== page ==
Gold Licenses were one of the earliest forms of taxation within the Australian colonies. Unlike early Californian settlers, Australian diggers were able to ‘stake a claim’ working to prevent outbreaks of violence on the diggings.
MINERS RIGHT LICENSE NSW GOLD FIELDS
(Miner's Right, license for George Johnson, 1814-1917, 1863)
Given that a fledging colony has virtually no infrastructure to speak of, colony administrators raised funds by imposing hefty license fees on the diggers to publicly fund police forces, hospitals, and roads. The high license fees were also a deterrent, acting as a ‘barrier to entry’ for many of the populace whom were desperately needed to fill jobs in the towns and cities.
None the less, countless workers from farms, ports, hotels and shops downed their tools and abandoned their uniforms, making a b-line straight to the diggings as news of the ‘rush’ spread.
Though the hefty license fees contributed to a more bureaucratic organisation on the Victorian gold fields than which had occurred in California, their high price was one of the catalysts for the Eureka Rebellion, which would claim the lives of more than 30 people.
Investing the wealth brought on the gold rush Victoria’s government spent up on new technologies and institutions and by the mid-1850s, Melbourne had become one of the richest cities in the world.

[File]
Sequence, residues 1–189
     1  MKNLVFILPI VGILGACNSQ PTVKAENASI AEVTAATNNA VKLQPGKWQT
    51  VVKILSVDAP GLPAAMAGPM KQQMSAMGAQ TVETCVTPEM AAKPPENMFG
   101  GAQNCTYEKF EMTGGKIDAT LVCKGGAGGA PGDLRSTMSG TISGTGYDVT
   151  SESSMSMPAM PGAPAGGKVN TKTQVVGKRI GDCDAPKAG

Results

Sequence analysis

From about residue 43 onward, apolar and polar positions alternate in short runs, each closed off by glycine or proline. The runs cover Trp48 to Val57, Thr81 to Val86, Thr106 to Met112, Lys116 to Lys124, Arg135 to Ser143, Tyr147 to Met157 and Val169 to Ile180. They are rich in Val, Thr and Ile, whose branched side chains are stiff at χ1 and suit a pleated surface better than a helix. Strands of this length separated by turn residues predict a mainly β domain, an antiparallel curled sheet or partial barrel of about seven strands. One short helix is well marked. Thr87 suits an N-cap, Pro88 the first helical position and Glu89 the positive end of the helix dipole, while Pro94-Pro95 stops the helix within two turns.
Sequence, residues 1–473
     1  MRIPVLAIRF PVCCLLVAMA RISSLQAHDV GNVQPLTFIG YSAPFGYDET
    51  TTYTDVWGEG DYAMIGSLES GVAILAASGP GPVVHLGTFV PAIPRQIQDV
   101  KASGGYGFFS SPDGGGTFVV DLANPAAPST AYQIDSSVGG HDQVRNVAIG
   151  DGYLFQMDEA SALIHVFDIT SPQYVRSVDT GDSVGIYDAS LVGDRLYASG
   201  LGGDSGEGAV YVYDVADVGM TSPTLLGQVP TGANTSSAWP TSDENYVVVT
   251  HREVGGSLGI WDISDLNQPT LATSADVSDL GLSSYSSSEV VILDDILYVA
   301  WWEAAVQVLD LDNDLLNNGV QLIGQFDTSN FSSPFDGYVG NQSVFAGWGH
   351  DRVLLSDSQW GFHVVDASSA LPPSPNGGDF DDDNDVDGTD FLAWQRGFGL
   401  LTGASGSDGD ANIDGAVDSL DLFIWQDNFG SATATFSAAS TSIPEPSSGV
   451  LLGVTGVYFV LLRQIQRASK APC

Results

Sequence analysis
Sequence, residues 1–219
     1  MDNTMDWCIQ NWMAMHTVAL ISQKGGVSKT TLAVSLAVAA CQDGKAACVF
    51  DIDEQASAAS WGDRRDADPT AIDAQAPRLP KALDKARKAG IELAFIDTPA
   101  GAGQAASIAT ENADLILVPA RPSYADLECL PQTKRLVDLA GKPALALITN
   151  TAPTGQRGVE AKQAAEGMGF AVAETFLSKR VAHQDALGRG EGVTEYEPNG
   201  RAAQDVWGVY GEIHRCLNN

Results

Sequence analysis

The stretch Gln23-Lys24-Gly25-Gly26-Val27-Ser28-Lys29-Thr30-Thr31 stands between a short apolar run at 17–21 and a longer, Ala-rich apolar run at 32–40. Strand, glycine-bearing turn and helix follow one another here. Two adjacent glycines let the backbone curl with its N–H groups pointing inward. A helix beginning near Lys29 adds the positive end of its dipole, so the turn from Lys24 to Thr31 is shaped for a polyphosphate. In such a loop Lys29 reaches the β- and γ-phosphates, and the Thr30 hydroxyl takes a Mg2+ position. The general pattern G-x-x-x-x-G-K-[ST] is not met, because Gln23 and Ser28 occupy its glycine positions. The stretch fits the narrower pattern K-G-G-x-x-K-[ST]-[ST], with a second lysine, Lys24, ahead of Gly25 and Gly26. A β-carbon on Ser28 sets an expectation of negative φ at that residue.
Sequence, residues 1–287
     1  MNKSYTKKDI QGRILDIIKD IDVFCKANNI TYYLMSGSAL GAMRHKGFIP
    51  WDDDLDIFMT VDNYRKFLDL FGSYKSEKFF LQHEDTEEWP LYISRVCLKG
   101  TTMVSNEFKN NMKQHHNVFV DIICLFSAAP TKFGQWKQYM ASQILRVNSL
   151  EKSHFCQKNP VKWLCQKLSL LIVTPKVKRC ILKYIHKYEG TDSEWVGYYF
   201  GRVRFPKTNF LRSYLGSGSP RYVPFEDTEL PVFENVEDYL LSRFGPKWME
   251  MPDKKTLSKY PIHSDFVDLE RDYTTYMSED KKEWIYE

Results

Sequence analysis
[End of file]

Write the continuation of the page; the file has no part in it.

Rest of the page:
Former Bendigo Post Office Built 1883
In preparation for the end of the gold rush communities across Victoria built large, beautiful, neoclassical stone buildings, bringing about a sense of permanence for the settlements around which communities grew and flourished.
(The Gold Rushes of Victoria and California Compared, n.d.)
BENDIGO TOWN HALL
@kieran.wicks #Wealth #Infrastructureplan #Taxes #SocialEngineering #Eureka #Rebellion #Melbourne #Ballarat #Bendigo #Victoria #GoldRushStories #AustralianHistory ♬ original sound - Kieran.Wicks
Road making and ditch digging outside Monie's Hill End Hotel, Henry Harris' Duke of Cornwall Hotel and J. Curtain's barber shop left, with horse drawn cart right foreground, Tambaroora Road, Hill End, New South Wales, ca.1872 https://nla.gov.au:443/tarkine/nla.obj-148071463
18K GOLD LOVE HEART BRACELET - RAINBOW AURA
Miner's Right, license for George Johnson, 1814-1917. (1863).
Goldmine, Bendigo - The Holterman Collection . (c1870-1875) http://digital.sl.nsw.gov.au/delivery/DeliveryManagerServlet?embedded=true&toolbar=false&dps_pid=IE1254012&_ga=2.130835015.95034651.1620013756-99728518.1616049004
Panorama of gold mines on central Hawkins Hill, looking east across Nuggety Gully, Hill End, New South Wales, ca.1872
Gold mines on hillside, with man in lower right foreground, Hill End, New South Wales, ca.1872
Gold mines on Central Hawkins Hill, Hill End, New South Wales, ca. 1872
Horses and cart in foreground, looking south-west across Pullen's Dam, to the early workings of the Scandinavian mine, Hill End, New South Wales, ca.1872
Road making and ditch digging outside Monie's Hill End Hotel, Henry Harris' Duke of Cornwall Hotel and J. Curtain's barber shop left, with horse drawn cart right foreground, Tambaroora Road, Hill End, New South Wales, ca.1872